Wednesday, June 10, 2009

Can we really change food policy after watching Food Inc.?

The documentary Food, Inc., which opens Friday at the Nuart and moves to the Landmark on June 19, is pretty much guaranteed to change your mind about what America eats and where it comes from.
Here's Variety's review with the memorable blurb "Does for the supermarket what 'Jaws' did for the beach."
But many charge that documentaries like Food, Inc., Food Fight and Fresh are preaching to the converted. Clearly many of the people in communities where Food Inc. is set to play, like Berkeley, San Rafael and Portland, are already aware of the vast problems with the U.S. food system. Participant Films, the backers of Food, Inc., do try to give viewers information they can use to make positive changes after viewing their films. Some of the 10 suggestions provided for Food Inc. include: Stop drinking sodas; visit your local farmer's market; and go without meat once a week. Fine on an individual level, but I don't quite see how most of these could lead to actual changes in industrial food production. It's a good start, but a better farm bill would help even more.
What do you think chefs, writers and enthusiastic eaters can do to start to overhaul the dangerous, polluting, obesity-causing industrial food system?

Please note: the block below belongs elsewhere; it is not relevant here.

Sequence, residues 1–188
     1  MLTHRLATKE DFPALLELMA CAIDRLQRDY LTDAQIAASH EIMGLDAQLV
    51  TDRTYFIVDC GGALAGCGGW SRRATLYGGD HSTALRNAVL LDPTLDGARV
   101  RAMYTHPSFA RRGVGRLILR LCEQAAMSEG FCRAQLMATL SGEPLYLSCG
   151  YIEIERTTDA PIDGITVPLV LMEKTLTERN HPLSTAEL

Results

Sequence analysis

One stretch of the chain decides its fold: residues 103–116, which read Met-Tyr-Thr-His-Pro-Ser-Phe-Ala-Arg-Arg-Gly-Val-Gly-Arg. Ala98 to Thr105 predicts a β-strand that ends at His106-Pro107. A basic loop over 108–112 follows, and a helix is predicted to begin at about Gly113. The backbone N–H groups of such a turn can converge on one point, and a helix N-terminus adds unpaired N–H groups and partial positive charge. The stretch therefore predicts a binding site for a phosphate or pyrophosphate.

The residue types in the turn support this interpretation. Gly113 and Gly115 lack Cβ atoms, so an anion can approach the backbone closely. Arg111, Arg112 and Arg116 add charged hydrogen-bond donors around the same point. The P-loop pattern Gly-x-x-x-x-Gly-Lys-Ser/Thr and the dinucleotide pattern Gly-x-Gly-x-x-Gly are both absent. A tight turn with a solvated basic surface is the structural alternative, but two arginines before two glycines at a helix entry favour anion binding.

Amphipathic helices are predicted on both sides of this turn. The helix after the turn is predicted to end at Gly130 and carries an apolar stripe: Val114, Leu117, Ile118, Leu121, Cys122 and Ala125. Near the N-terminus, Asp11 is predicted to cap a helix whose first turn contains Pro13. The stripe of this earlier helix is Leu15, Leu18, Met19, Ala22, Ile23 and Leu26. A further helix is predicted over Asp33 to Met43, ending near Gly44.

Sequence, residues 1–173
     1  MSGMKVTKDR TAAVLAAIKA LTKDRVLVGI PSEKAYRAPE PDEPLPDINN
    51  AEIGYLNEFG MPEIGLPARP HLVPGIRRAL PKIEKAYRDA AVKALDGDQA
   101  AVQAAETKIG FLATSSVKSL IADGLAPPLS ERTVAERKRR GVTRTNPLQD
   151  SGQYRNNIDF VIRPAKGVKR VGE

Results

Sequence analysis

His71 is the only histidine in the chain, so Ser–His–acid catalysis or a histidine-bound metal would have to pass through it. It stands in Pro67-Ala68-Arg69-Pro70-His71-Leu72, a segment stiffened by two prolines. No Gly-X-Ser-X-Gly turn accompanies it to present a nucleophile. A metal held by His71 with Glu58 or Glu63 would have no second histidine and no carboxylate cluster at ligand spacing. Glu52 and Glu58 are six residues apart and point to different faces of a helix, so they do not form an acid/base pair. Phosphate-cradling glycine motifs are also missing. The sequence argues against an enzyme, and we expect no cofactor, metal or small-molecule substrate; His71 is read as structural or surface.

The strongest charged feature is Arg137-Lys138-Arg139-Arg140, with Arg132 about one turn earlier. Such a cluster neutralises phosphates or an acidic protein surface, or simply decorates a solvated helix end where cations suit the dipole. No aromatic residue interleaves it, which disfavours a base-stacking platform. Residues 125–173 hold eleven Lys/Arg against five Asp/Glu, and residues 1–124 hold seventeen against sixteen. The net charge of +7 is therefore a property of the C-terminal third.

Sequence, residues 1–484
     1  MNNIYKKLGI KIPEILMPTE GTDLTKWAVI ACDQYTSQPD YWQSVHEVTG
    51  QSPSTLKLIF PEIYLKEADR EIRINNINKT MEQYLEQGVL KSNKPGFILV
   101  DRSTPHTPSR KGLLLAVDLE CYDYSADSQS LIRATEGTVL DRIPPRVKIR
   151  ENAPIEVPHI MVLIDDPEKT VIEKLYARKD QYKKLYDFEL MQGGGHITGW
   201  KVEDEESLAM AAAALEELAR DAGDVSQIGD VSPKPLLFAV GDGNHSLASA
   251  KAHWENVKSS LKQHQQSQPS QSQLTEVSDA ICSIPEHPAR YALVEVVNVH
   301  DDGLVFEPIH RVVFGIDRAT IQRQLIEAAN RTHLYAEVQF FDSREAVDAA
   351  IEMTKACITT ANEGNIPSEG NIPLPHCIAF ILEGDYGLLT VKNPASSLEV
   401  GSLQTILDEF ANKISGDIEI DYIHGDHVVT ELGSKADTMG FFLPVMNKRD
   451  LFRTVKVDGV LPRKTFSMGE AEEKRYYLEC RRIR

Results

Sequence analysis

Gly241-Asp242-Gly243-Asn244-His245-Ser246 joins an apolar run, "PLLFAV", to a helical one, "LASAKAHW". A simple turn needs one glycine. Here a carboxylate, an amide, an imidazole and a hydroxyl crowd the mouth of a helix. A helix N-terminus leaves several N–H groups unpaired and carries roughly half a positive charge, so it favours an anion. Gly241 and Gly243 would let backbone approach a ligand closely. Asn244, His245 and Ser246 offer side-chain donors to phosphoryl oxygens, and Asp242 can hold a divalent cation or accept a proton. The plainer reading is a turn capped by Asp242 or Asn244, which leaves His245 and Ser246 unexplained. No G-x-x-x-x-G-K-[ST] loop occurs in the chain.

Unknown said...

You're right, a better farm bill is essential. As for what we writers, chefs and eaters can do... it's baby steps, but I'd say get involved by volunteering, supporting and helping to promote grass-roots efforts that move beyond the already-converted-- so support the Garden School Foundation, which helps students maintain an edible garden in South L.A. and teaches them how to cook and eat fresh produce; or help with any of the other community-garden and school-nutrition programs. RootdownLA is a good place to start, or the Los Angeles Community Garden Council.

Bradley Burlingame said...

really excited to see this doc. the wife and I have really cleaned up our act in the last 1.5 years (food wise;), and it's making all the difference.

always be mistrustful of the intersection of large corporations and things you ingest.

Kathy A. McDonald said...

The New York Times helps out: sustainable food blogs and more.